It makes sense that the late Robin Williams gravitated toward darker comedies later in his career, especially after years of family antics. So credit the adventurousness that got him into Death To Smoochy and World’s Greatest Dad as his possible reason for playing (comedy-name alert) Mitch Mitchler, bad dad to Boyd Mitchler (Joel McHale), in A Merry Friggin’ Christmas. Like another of his late-period dark comedies, The Angriest Man In Brooklyn, Christmas condescends (intentionally or not) to Williams’ reputation as a wild comic by giving him would-be edgy material that flaunts some imaginary rules of political correctness. Mitch has an irascible love of smoking, guns, and meat, and he’s not afraid to speak his mind about it. He’s also a recovering alcoholic and, from what little the movie shows in flashback, may well suffer from undiagnosed depression. Drunk on Christmas morning when Boyd is 5 years old, he tells him that there is no Santa Claus and, further, that life is a meaningless slog.

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Boyd, then, grows up determined to be a better father to his children, with a particular mania that his young son Douglas (Pierce Gagnon, from Looper and Wish I Was Here) will keep the faith in Santa Claus for as long as possible. (One of McHale’s few funny lines, overcompensating for the question of whether Santa is real: “Everyone’s real, including Santa.”) When circumstances and guilt conspire to drag Boyd and his family to his parents’ home for the holidays, Douglas’ big Santa present gets left behind, and soon—though not especially quickly—Boyd and Mitch are on a largely uneventful mismatched-buddy road trip back to retrieve it. Oliver Platt turns up, imparting both the spirit of Christmas and the spirit of disappointing movies with good actors.

The actors aren’t the only ones with impressive careers: Director Tristram Shapeero has worked on comedies like Peep Show in his native England and American favorites like Parks And Recreation, Community, Happy Endings, and New Girl. Christmas occasionally flashes the kind of character-specific weirdness that might play on one of those shows, like the way Boyd’s nephew (Ryan Lee) preens over his triumphs as a competitive eater, or the unflappable simplemindedness of Boyd’s brother-in-law (Tim Heidecker). Mostly, though, it plays like the kind of sitcom Shapeero hasn’t had to direct because they’ve become largely outmoded—a stagy production where a comic car chase is clearly shot without any of the actors in moving vehicles. Shows like New Girl or Community sometimes use quick cuts for fast-paced reaction shots; A Merry Friggin’ Christmas cuts around aimlessly in search of them.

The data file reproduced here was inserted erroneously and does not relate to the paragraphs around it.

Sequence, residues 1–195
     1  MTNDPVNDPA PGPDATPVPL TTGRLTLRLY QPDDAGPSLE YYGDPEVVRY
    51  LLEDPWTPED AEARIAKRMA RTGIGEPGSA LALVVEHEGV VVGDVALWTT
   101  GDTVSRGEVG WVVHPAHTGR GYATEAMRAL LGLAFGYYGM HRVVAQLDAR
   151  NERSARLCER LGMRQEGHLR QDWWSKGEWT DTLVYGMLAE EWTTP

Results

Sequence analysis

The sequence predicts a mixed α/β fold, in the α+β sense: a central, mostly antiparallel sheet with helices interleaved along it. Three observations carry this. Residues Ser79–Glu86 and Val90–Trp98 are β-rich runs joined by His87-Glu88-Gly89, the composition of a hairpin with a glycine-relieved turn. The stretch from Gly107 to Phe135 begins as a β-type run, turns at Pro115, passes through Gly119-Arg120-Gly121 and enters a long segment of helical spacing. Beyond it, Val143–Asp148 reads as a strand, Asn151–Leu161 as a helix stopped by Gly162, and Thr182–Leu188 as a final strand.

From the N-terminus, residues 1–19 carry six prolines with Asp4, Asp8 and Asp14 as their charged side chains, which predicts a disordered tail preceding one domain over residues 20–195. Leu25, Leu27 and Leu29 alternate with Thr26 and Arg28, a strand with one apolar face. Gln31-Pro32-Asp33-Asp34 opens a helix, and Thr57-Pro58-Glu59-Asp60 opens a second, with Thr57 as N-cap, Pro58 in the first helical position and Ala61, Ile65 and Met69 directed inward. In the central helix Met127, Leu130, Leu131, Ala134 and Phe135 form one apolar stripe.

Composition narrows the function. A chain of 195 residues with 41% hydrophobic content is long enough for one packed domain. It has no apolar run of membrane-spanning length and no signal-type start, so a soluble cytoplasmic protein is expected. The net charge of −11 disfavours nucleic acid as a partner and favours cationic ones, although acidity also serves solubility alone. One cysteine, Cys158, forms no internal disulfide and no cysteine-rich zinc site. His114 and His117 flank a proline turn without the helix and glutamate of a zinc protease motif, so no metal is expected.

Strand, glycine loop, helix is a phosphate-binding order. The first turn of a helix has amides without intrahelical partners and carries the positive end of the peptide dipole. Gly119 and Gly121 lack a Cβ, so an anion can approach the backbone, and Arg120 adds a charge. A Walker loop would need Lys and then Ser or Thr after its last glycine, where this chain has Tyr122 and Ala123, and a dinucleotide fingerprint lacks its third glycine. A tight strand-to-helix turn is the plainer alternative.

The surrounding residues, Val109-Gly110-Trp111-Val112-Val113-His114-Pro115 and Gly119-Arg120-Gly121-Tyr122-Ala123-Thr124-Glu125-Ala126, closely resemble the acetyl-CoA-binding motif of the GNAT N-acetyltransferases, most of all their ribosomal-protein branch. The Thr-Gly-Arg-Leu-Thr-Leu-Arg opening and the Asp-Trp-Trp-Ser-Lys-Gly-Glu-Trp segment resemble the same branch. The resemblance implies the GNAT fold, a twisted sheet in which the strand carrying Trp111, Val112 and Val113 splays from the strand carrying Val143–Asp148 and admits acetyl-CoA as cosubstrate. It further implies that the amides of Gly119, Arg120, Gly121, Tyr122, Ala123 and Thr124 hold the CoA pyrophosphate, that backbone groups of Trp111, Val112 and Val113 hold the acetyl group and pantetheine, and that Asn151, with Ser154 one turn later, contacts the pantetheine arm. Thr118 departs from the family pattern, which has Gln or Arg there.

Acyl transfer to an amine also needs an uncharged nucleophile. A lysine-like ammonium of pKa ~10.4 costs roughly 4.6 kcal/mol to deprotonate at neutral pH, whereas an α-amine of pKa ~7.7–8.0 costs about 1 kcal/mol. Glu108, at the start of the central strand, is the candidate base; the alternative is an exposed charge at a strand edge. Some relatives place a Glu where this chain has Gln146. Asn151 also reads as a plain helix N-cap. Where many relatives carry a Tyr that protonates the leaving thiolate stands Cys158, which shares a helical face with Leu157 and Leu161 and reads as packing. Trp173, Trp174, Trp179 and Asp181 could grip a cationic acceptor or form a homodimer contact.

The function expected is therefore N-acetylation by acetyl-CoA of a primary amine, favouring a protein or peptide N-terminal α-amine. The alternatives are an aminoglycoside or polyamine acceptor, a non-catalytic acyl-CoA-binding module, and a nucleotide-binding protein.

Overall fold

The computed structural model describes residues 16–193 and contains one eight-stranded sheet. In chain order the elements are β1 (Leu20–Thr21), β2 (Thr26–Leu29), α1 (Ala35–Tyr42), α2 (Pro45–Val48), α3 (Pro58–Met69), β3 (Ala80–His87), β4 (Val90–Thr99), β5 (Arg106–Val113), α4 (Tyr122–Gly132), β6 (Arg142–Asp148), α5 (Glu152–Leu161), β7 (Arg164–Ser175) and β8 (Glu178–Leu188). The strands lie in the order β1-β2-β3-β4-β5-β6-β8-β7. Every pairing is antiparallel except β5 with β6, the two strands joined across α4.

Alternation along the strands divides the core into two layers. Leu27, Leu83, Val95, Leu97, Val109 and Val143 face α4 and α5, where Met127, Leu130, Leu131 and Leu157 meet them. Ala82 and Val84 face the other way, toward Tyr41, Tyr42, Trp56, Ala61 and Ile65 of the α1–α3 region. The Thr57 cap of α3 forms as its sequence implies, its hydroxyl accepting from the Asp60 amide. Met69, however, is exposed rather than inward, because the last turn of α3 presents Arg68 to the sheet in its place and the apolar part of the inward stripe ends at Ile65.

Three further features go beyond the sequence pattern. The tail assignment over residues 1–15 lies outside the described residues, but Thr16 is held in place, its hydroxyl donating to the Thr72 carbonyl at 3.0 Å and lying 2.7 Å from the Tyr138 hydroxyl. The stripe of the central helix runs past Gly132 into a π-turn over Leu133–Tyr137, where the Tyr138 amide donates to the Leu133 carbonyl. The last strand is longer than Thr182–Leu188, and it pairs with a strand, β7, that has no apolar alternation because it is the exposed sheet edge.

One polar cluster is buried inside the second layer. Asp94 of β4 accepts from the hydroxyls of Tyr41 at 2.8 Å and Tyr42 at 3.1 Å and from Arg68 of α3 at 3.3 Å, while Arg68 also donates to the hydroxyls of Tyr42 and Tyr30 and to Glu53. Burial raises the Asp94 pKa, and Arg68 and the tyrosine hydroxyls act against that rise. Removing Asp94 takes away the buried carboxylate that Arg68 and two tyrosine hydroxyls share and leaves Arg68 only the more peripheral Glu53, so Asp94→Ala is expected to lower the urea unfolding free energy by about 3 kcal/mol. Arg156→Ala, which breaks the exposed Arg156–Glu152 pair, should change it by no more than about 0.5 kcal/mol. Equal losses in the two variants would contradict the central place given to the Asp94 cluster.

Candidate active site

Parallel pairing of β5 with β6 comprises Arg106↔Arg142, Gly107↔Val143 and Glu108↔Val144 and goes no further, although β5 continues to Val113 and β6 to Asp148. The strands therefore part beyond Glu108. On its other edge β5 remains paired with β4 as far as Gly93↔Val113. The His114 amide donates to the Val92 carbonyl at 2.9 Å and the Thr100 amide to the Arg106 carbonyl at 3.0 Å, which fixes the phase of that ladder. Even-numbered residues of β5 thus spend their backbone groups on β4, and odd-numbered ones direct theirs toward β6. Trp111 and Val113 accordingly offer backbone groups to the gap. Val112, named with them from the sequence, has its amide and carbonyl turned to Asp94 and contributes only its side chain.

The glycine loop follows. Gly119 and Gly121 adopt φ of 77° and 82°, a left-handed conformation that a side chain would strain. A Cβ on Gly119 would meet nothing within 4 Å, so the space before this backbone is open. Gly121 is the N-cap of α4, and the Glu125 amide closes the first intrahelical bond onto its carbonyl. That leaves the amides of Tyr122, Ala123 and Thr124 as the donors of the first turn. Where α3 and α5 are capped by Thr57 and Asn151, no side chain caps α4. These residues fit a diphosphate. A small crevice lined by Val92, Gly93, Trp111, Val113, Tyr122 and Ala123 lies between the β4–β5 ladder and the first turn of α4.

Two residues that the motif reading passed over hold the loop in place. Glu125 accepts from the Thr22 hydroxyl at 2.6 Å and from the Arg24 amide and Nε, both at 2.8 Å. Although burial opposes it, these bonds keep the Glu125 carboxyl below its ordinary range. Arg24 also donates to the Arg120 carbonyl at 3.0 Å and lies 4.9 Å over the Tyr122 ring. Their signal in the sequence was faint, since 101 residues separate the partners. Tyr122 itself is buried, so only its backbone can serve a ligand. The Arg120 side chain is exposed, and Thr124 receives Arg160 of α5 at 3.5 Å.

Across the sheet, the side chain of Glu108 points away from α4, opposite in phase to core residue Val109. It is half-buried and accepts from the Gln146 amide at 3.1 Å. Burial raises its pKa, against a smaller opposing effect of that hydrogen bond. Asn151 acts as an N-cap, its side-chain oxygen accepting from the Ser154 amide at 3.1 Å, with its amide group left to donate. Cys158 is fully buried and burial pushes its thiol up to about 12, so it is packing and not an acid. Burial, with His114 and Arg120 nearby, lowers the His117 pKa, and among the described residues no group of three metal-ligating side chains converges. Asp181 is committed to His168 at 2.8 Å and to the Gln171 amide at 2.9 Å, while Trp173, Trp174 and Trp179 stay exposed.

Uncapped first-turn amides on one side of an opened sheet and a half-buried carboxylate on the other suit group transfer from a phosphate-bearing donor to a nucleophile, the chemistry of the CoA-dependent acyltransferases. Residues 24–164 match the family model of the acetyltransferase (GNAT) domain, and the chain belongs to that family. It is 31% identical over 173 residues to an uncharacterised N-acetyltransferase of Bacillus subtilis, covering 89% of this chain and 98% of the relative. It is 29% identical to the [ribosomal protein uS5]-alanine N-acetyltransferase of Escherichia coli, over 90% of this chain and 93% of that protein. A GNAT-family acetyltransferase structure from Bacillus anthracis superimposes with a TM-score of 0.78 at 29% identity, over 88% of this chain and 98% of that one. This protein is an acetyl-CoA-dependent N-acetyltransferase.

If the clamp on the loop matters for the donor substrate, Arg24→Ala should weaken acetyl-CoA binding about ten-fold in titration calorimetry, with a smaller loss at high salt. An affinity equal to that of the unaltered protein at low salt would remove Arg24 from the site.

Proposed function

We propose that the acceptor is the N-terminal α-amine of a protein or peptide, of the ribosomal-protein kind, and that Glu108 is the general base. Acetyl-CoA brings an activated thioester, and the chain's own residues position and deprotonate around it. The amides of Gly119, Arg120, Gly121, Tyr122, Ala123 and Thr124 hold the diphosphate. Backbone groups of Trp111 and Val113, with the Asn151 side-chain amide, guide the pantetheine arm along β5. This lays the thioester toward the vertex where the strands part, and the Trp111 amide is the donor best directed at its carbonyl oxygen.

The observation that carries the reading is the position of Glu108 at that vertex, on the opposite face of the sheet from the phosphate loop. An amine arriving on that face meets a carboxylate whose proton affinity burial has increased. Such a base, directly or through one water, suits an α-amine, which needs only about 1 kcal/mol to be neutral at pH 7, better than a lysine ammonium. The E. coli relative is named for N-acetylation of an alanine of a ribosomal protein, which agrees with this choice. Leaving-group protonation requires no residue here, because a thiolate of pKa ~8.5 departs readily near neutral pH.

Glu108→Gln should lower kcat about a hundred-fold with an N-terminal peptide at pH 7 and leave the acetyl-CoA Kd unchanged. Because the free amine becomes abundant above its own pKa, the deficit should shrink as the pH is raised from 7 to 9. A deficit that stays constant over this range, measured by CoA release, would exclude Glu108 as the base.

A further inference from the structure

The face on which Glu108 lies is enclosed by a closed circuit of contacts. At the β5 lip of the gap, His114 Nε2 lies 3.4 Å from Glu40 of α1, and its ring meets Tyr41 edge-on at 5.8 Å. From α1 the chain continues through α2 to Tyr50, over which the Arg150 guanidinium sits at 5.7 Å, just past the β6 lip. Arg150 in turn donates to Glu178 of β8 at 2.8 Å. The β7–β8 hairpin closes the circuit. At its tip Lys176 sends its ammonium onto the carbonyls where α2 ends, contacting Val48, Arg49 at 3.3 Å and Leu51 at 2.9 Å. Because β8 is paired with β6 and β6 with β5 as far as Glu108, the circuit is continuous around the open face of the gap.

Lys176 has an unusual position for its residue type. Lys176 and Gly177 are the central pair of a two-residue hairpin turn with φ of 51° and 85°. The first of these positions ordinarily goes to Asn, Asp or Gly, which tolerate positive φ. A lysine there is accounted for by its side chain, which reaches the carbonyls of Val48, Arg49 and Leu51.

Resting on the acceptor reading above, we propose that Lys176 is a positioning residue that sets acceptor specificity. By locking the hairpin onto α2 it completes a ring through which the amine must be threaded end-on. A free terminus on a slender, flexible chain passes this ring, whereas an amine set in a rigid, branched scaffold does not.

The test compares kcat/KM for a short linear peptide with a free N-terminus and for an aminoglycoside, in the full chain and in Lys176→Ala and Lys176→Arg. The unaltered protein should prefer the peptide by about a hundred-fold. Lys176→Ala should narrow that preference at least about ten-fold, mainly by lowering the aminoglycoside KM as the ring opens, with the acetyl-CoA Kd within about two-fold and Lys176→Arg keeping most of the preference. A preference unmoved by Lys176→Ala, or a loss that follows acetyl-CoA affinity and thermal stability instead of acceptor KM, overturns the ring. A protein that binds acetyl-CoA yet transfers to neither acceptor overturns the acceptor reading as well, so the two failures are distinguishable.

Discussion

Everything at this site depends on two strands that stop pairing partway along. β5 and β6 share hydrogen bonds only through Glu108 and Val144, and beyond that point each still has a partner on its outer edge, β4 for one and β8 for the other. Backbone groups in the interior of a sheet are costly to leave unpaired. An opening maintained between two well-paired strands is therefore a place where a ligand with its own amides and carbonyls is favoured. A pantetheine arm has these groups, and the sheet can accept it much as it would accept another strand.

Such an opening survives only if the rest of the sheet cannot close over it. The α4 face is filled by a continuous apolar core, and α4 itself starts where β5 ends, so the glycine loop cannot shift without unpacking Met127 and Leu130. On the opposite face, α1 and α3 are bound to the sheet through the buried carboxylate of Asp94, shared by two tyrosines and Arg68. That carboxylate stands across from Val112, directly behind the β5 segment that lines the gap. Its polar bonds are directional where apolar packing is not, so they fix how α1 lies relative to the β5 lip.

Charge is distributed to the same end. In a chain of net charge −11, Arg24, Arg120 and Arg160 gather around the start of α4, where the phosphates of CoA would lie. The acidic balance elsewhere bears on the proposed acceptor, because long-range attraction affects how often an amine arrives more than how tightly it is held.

Instead of bringing together a fractured family, the movie stays diffuse. Though professional comedy wife Lauren Graham has an unforced ease with her on-screen spouse McHale, the Mitchlers generally don’t register as a unit, even an estranged one, because most of their foibles are written with such a heavy hand. Mom (Candice Bergen) talks mostly in exposition. Boyd’s brother Nelson (Clark Duke) has suffered the kind of light brain damage that turns people into watered-down Zach Galifianakis routines, predicated on being oblivious to concepts like caller ID. Mitch has his obligatory exasperated outbursts, performed gamely by Williams.

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The loss of Williams earlier this year does lend this movie unearned poignancy; it’s just plain nice to see him again. Even doing a thin grumpy-old-man routine, he seems to be having fun biting into a Wisconsin accent that lets him say hurtful things without quite swearing. Williams made some terrible movies, but he never phoned them in. On both counts, this one’s no exception.